No, I could not. Son of a… “Whatever. You know what, have it your way. I’ll try to find her, but no promises.”
“Oh, I would really make this your number one priority. When you enter into this sort of agreement with my kind, misfortune will follow until you satisfy the contract.” She slid a long knife across the table as though she’d been holding it the entire time. “Take this. It’s imbued with great healing magic.”
I picked the weapon up to examine it. It was the same blade Karen had used during my exorcism. “Healing? Will this cure Justine?”
Gwen stood. “If by cure, you mean shuffle her off this mortal coil and end her suffering, then absolutely. Just drive it into her heart then the unholy magic animating her will be undone.”
“There has to be another way.”
“There is no other way,” Gwen said, her patience finally wearing thin. “Revenants sustain themselves on blood, flesh, and suffering. If she were rational, Justine would beg you to end this existence for her. Think of it not as murder, but as atonement for taking her life in the first place.”
I tossed the knife onto the table. “Easy for you to say.”
“I’d hold on to that. I guarantee that you’ll need it.”
Against my will, I stretched out my hand to pick the weapon up again only to find it was gone. “Where did it go?” I said with a frown, checking to see if it had fallen onto the floor.
“It will appear when you need it,” Gwen said as she washed out my cup. “If you name it, it will appear when you call.”
“Name it?” I said with contempt. “It’s a pansy-ass fairy knife, not a baby.”
Gwen wiped the watered-down blood splatter from the counter. “Suit yourself. Look, Toby, I upheld my end of the bargain. I brought you and Karen back together.”
“How do I know that was even intentional? You asked if we knew each other during the ceremony.” I knew I was grasping at straws, but the only thing that lives longer than a vampire is a fucking demon. I didn’t want to spend the rest of my life as her thrall.
“Intentional or not is beside the point, but I asked that for her benefit. I had to make it seem like a believable coincidence. If Karen had any inkling that she was helping you instead of literally any other vampire, her master wouldn’t have allowed her to come. I’d hate for him to feel it necessary to move her again.”
I nodded, preoccupied with Justine, so it took a second for her words to register. When they did, I leapt to my feet so quick that my chair tipped over. “Wait, her what? What are you talking about?”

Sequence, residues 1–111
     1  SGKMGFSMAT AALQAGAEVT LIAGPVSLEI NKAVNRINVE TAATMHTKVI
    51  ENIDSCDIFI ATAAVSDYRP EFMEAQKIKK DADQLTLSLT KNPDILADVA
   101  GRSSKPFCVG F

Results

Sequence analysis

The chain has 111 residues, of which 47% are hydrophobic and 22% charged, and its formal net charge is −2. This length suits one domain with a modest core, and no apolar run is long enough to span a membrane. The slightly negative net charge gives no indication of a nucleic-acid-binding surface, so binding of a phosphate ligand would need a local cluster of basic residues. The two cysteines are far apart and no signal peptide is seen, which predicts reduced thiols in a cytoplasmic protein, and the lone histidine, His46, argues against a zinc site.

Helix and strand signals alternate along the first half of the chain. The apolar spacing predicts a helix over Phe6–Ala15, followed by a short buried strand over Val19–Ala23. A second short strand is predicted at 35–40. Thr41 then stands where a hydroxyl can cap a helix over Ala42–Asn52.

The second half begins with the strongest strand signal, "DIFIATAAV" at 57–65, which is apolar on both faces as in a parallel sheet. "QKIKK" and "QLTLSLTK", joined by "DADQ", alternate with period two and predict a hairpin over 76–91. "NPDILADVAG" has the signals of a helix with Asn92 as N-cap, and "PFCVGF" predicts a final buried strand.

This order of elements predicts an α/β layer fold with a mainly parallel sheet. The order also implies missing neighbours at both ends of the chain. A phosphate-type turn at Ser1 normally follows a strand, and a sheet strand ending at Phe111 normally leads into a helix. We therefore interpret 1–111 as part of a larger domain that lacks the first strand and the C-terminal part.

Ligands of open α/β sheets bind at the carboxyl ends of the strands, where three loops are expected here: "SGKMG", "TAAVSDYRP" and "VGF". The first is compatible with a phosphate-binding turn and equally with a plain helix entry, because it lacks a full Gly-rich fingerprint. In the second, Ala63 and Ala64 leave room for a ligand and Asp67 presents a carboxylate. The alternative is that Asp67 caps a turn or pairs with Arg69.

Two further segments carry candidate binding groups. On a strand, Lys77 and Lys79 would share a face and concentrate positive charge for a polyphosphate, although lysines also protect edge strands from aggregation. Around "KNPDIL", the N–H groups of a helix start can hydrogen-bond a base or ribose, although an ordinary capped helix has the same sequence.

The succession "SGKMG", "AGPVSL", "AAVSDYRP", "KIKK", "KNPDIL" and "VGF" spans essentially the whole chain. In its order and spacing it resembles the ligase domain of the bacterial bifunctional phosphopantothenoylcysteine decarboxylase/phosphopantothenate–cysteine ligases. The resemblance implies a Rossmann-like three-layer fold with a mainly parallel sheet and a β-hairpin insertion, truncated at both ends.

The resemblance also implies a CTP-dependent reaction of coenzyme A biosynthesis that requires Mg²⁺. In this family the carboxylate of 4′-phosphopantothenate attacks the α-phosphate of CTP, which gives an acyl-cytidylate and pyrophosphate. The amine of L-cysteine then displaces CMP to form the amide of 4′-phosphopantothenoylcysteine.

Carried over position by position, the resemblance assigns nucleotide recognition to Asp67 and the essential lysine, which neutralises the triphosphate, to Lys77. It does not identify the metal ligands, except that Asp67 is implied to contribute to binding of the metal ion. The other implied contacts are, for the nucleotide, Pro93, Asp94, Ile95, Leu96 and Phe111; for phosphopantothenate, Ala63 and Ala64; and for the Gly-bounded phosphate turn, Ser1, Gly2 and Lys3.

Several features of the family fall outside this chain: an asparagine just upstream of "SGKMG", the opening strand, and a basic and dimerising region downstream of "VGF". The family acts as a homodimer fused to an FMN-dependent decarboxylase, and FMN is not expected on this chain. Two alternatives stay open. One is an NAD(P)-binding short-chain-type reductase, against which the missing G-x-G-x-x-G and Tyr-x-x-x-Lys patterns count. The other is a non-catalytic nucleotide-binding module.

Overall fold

Gwen motioned for me to keep my voice down as she cast a worried look toward the ceiling. “Her new master is very stingy about that necromancer. He’s gone to a lot of trouble to keep her all to himself. I had to promise him three favors just to enlist her aid, so…I’m not looking forward to that.”
“So, some demon—” More hair drifted to the floor and my back teeth ground together. “Goddamn it. Fine. Karen wasn’t the one that hired that doppelganger?”
“I’m sure she believes she did.”
My heart began to pound in growing panic. “Where is Karen?”
“I can’t say.”
“Bullshit. How did you hire her if you don’t know where she is?”
“I never said that I didn’t know where she is, I said that I can’t say. I have children to think about.”
I pushed my hand through my hair and more loose strands tangled around my claws. “I’m not afraid. Where the hell is this guy?”
“You asked me to find Karen for you and I did. Keeping you together was never part of the deal. Now, you owe me. That’s the long and short of it. You have bigger fish to fry. Ending this plague is of far greater concern than you patching things up with your girlfriend.”
“She’s not my girlfriend.” This was a conditioned response from me.
“And that’s probably for the best. So complicated.”
I held up the messy clump of my hair. “Hold on, what about this?”
Gwen pursed her lips as she thought it over. “My hex ends with the plague. Fair?”
I let the mess drop to the floor. She’d cursed me, she could deal with the cleanup. “Fine, but you need to sweeten the deal for me. I’m about to kill a revenant and end a plague, but all you did was put me and Karen in the same room for an hour. I need to be able to talk to her, face to face and as myself.”
Gwen put her hands on her hips. “All I did, Tobias, was rescue you from nixies, exorcise your body of an invading spirit, and nurse your ungrateful hide back to health over the last three days. What I ask in return is so reasonable that if you don’t get on top of it, I’m going to take your tongue as a trophy. And trust me, I would be doing the entire world a favor.”
I fucking hate demons. “Fine. I’m on it. But…could you at least call her and let her know that I’m looking for her?”
“Find the revenant, and I’ll consider trying to put you in touch with her.”
I narrowed my eyes as I pulled the hood over my patchy scalp. “Fine,” I said with a growl before I stormed out of her crappy little house.